Does your science kit invite hard thinking? Or does it push you and your students through prescribed directions, robbing children of the opportunity to do what is most essential in science: to learn from mistakes, control an experiment more rigorously, observe and record more carefully.
The goal of Wendy Saul and Jeanne Reardon's new book is not to dispense with kits, but rather to encourage teachers and their students to see kits as a beginning to real scientific inquiry. The essays in this volume reveal how elementary teachers have turned around their teaching to make themselves and their students producers as well as consumers of science knowledge. They demonstrate that when teachers inquire into their own teaching, they are better equipped to help children with the practice of inquiry- and it is an appreciation and enjoyment of inquiry that will lead these children back to science again and again.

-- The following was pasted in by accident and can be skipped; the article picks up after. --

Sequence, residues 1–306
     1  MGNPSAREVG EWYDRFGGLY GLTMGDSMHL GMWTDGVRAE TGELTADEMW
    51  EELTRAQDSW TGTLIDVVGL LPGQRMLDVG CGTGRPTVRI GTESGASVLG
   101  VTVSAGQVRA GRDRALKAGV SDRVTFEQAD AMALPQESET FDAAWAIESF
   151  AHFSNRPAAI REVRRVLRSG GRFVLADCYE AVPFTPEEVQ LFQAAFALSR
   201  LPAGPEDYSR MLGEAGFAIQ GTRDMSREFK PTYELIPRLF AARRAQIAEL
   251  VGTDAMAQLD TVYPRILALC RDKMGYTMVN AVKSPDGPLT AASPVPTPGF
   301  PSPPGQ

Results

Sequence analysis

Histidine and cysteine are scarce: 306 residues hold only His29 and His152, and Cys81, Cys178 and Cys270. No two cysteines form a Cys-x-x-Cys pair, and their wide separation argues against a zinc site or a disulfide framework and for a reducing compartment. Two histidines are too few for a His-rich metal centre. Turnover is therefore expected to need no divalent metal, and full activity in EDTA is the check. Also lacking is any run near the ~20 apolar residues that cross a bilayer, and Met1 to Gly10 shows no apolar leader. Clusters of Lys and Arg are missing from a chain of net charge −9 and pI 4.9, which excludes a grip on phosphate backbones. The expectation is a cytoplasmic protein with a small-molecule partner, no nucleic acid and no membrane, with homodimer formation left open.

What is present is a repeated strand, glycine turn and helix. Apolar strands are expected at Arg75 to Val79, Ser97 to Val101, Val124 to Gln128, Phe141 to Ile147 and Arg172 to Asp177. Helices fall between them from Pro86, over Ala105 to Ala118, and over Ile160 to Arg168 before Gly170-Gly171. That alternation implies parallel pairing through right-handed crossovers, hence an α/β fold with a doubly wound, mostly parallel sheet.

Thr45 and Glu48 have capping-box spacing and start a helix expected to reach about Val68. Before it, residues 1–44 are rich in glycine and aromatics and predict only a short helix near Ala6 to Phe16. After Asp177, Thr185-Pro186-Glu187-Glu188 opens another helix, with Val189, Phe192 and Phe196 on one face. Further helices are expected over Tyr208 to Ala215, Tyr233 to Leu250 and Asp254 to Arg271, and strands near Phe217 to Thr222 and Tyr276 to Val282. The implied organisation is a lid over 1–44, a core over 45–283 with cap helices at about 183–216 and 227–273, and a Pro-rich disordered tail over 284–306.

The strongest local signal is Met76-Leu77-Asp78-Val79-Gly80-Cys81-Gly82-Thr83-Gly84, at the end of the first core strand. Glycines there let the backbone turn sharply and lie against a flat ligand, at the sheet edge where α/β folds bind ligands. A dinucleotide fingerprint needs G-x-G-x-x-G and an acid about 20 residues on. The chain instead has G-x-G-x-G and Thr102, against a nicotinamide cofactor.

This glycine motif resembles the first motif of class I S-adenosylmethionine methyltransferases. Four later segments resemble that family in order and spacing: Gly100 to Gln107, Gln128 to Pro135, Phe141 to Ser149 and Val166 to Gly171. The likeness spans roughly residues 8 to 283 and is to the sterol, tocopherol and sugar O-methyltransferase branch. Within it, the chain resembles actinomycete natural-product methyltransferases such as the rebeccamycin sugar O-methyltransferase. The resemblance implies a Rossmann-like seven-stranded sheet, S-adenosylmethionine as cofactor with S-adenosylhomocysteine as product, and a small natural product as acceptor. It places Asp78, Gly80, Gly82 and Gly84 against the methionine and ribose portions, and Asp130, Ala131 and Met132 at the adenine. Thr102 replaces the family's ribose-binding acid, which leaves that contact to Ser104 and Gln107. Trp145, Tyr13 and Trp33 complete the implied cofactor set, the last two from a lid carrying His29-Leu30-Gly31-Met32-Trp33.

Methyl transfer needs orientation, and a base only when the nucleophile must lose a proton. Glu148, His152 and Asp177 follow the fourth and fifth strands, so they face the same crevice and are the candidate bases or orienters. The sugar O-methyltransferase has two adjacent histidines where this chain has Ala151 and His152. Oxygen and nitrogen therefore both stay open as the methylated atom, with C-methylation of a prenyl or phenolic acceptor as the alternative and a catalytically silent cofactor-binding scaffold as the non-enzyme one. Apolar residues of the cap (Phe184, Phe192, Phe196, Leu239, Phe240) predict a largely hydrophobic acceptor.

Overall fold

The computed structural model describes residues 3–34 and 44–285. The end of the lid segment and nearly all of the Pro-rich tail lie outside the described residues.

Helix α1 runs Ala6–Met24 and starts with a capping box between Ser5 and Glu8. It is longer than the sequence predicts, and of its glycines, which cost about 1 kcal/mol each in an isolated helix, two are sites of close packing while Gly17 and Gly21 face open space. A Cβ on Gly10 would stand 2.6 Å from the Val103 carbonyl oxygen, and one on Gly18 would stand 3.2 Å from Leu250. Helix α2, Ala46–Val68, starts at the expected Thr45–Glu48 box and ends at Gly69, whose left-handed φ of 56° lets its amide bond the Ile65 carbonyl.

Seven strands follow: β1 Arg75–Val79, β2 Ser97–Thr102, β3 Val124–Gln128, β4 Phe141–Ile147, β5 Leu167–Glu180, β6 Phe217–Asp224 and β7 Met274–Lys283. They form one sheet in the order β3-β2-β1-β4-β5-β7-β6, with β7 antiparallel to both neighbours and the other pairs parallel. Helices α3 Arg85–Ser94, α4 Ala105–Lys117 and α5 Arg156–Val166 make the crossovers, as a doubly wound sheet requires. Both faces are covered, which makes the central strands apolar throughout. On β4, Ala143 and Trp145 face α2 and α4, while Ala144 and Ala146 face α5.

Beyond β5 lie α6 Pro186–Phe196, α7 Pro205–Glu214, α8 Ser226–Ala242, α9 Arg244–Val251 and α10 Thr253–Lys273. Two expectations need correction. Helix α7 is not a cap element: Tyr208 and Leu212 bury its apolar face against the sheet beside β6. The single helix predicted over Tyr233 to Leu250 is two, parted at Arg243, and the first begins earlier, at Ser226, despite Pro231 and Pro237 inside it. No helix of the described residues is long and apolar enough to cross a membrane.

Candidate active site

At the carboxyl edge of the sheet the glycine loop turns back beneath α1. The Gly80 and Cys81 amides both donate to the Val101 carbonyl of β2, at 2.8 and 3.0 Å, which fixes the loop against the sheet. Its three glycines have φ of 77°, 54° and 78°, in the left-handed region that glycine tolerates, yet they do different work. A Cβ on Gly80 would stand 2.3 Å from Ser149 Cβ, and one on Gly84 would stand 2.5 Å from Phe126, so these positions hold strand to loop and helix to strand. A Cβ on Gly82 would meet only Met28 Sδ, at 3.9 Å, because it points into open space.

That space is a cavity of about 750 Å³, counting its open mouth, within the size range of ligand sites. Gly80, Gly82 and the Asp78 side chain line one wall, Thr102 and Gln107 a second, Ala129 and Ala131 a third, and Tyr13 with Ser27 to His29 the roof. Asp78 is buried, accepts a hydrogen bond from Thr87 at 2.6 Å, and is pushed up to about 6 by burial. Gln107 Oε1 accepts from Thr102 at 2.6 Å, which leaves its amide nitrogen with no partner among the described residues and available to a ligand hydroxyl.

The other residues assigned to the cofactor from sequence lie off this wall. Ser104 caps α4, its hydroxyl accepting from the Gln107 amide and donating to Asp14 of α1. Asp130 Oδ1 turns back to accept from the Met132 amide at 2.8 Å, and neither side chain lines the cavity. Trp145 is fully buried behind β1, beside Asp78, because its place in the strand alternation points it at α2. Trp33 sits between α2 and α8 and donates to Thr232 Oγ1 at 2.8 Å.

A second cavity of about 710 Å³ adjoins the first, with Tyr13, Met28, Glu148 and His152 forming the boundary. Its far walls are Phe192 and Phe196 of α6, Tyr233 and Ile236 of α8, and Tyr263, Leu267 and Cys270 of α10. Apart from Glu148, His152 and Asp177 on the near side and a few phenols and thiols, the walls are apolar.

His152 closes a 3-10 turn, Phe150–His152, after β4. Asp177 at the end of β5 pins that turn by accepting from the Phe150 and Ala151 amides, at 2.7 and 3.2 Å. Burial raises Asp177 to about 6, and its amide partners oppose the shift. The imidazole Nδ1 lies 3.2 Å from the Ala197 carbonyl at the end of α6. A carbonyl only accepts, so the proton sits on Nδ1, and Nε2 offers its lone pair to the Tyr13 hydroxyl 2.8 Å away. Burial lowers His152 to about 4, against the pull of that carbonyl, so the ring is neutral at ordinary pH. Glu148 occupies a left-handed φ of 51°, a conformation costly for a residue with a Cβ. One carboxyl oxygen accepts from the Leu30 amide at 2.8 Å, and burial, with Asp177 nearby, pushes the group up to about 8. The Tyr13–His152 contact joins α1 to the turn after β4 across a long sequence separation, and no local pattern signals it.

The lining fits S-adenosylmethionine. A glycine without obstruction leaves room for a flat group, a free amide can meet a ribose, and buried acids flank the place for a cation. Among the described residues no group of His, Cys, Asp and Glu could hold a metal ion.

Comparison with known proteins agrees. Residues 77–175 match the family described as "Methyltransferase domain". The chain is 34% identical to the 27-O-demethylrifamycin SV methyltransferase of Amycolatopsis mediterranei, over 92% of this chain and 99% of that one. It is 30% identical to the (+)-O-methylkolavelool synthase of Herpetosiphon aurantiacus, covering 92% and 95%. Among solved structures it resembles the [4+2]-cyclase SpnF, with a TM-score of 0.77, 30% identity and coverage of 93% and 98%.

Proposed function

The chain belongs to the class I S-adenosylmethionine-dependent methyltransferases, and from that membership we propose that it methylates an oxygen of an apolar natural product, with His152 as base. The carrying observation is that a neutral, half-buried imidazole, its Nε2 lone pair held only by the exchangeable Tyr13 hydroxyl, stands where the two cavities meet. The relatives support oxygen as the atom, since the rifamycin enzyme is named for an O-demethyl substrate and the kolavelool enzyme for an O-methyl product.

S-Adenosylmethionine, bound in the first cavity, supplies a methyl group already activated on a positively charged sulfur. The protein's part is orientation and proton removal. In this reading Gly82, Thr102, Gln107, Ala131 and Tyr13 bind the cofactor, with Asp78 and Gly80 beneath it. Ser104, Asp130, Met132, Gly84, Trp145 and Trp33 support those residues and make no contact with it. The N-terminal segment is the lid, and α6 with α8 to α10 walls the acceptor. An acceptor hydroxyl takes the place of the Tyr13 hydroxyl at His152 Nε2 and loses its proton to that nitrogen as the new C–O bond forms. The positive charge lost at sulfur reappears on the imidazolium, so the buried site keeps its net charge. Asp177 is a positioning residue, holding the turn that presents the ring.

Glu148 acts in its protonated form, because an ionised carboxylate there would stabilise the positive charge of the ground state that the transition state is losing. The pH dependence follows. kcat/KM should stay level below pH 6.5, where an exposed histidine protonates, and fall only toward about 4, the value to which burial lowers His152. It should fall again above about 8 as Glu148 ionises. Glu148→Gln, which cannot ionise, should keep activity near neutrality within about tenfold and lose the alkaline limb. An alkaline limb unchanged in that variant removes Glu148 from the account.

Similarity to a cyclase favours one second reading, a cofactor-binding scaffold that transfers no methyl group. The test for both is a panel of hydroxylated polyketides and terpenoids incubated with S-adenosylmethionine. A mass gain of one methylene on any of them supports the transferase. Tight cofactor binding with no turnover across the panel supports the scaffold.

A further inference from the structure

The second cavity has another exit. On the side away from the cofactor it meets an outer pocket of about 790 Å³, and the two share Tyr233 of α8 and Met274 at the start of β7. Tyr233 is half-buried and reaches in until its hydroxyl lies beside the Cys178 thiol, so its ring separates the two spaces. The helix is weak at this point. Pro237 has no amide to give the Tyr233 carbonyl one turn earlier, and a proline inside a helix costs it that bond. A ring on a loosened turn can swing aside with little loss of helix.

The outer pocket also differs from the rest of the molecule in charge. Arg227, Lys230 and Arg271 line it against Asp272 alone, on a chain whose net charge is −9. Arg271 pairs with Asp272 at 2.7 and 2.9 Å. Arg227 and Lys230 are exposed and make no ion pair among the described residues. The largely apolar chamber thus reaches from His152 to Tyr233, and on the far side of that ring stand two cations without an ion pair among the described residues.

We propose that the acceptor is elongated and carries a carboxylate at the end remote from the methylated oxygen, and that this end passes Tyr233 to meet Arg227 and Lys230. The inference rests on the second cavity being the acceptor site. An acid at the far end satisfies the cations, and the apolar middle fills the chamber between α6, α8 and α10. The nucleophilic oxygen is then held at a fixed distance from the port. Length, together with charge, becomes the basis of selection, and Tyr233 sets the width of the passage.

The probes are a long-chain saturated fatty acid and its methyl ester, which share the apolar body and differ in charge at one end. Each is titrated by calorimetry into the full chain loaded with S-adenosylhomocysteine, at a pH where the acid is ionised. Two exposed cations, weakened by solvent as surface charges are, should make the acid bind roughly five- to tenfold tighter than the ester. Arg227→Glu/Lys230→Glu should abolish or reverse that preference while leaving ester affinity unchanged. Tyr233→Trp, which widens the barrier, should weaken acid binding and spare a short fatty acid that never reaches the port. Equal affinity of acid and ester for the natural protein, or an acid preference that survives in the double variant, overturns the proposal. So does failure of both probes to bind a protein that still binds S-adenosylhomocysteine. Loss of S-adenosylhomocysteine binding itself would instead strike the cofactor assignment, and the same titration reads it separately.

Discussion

Beyond the Science Kit is divided into three sections. The first provides a lens through which kit programs may be scrutinized. Are they "rigorous, relevant, and real?" Jeanne Reardon asks. In Part Two, "What's Important?," five educators share their "starting places" in reconfiguring their science programs. The essays describe the values that teachers return to in evaluating their own progress as well as the programs that reflect those values. In the final section, "Making It Work," teachers describe the "nitty-gritty" of designing a classroom that celebrates scientific inquiry across the curriculum.